In April 2020, we mark both the 50th celebration of Earth Day on April 22, and DNA Day on April 25. As both Earth and DNA are close to our JGI hearts, we’re highlighting genomic science research that feels especially relevant to living on a changing planet.
Transcript for Audio
ALISON: Hey! I’m Alison Takemura at the US Department of Energy Joint Genome Institute, or JGI.
Two special days occur in April: the 50th celebration of Earth Day on April 22, and DNA Day on April 25. Since both DNA and the Earth are close to our JGI hearts, we’re featuring some scintillating genomic science research that feels especially relevant to living on a changing planet.
In this short audio production, we’ll hear from Karolina Heyduk, an evolutionary plant biologist at the University of Hawai’i at Mānoa. I recently caught up with Karolina at the Plant and Animal Genomes, or PAG conference, when in-person meetings were still a thing, i.e. in January. She talked about her Community Science Project proposal with JGI, in which she’s studying a special kind of plant metabolism. This metabolism, called crassulacean acid metabolism, or CAM — that’s C-A-M, for short — helps plants that have it lose less water in a hot, dry environment. Figuring out how plants evolved to deal with hot and dry conditions could help us to one day develop plants that are more drought-tolerant. These kinds of innovations are particularly relevant as climate change intensifies and accelerates drought and desertification across the globe.
Karolina and I kicked off our conversation with a quick recap of how plants, in general, work.
KAROLINA: We all know plants take up water through their roots. But for them to be able to pull that water through the whole plant system, they need to open these pores in their leaves called stomata. And through those pores, water is moved into the atmosphere basically along its concentration gradient. So, the movement of water through stomata is really important. And when those stomata are open, it’s the same pore in the leaf through which carbon dioxide enters the leaf for photosynthesis.
ALISON: Photosynthesis is what allows plants to make their own food from light and air — in particular, the part of the air that’s carbon dioxide.
KAROLINA: When plants get really hot or dry, they want to close those stomata to prevent water loss, but that also prevents CO2 from coming into the leaf and it basically starves the plants.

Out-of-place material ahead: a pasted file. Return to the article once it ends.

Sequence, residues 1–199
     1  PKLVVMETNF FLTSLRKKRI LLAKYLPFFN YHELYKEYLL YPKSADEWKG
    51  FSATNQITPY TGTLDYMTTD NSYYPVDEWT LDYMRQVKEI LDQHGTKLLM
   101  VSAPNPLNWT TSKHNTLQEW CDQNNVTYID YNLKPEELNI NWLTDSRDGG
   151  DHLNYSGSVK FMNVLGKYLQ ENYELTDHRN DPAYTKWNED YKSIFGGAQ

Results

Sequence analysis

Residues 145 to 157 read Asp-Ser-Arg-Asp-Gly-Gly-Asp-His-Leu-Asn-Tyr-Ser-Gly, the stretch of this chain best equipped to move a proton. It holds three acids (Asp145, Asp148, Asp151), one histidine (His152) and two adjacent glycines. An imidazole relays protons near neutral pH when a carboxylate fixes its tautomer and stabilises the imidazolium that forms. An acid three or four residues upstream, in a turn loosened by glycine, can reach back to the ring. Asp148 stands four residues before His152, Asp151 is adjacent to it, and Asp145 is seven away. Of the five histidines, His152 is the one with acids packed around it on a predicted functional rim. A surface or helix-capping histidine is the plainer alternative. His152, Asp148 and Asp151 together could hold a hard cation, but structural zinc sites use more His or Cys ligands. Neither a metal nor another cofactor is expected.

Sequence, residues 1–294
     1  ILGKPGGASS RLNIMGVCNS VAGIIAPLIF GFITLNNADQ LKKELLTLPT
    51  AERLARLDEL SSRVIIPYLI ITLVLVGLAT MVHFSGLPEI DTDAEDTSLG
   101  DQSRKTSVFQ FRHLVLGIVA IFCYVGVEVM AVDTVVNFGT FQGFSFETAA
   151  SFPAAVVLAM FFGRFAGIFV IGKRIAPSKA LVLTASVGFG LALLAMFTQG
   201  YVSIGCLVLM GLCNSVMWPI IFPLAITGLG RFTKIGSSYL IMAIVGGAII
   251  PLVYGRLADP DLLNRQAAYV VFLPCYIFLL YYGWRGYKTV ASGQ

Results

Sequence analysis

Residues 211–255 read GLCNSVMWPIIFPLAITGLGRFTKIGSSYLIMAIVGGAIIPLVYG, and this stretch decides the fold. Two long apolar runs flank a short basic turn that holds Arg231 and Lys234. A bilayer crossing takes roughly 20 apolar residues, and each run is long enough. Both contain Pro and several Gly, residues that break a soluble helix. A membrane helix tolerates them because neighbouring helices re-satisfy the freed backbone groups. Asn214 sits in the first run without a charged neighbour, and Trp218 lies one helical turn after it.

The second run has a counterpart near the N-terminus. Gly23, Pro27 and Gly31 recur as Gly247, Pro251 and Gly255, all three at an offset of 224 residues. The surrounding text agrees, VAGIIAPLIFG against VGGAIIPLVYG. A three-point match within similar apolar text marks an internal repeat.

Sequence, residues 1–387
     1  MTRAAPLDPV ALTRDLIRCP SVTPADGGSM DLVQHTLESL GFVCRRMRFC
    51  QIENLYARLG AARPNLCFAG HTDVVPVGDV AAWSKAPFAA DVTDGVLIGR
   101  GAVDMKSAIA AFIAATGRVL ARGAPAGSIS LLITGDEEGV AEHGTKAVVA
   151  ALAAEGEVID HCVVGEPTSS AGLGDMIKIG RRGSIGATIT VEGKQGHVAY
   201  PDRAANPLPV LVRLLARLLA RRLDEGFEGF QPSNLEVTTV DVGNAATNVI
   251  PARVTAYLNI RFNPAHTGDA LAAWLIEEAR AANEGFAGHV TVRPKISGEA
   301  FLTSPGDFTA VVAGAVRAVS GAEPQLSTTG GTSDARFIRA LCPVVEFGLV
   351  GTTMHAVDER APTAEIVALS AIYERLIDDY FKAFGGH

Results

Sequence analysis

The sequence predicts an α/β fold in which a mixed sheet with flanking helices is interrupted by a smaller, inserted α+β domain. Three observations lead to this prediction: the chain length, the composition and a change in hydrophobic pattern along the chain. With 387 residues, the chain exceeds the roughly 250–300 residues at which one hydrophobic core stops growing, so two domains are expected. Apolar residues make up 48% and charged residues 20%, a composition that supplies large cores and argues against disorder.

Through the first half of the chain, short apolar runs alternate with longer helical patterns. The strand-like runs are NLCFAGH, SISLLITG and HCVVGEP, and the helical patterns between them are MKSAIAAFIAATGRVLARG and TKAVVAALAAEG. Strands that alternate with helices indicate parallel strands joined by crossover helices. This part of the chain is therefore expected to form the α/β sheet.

ALISON: That’s what might happen for a stressed typical plant, one that does what’s called C3 metabolism, named for a 3-carbon compound that plays an essential role. But other plants, which do CAM, can kind of clam up during the day, and open their stomata at night to absorb CO2 when it’s cooler. That way, they don’t lose all their water, and they still get the carbon dioxide they need.
Karolina is working to better understand what genetic features make CAM possible. So, she’s studying yuccas, a group of plants in the Agave family with fleshy, sword-like leaves, often with spikes along their edges.
KAROLINA: My work with the JGI focuses on a group of plants called yuccas. If you know Joshua Tree, that’s an example of a yucca species. And the cool thing about yuccas is that there are closely related species that use C3 and CAM.
ALISON: But plants don’t need to be restricted to either CAM or C3 metabolism. Karolina says plants can be somewhere in between.
KAROLINA: Plants can use a little bit of both pathways. Some plants can appear to be almost entirely C3, and then when they get drought stressed, they can up-regulate that CAM. There are all sorts of other intermediate phenotypes where plants are using a little bit of both of the pathways.
ALISON: Karolina studies these CAM-C3 hybrids.
KAROLINA: Some of these hybrid genotypes that I look at can preferentially up-regulate CAM when they’re drought stressed, whereas others don’t seem to be able to. So, it allows us to be able to tease apart some of the mechanisms that regulate that response to drought through CAM.
ALISON: We’ll hear more about CAM and Karolina’s quest in a future episode of our JGI podcast, Genome Insider.
I’m Alison Takemura. See you next time.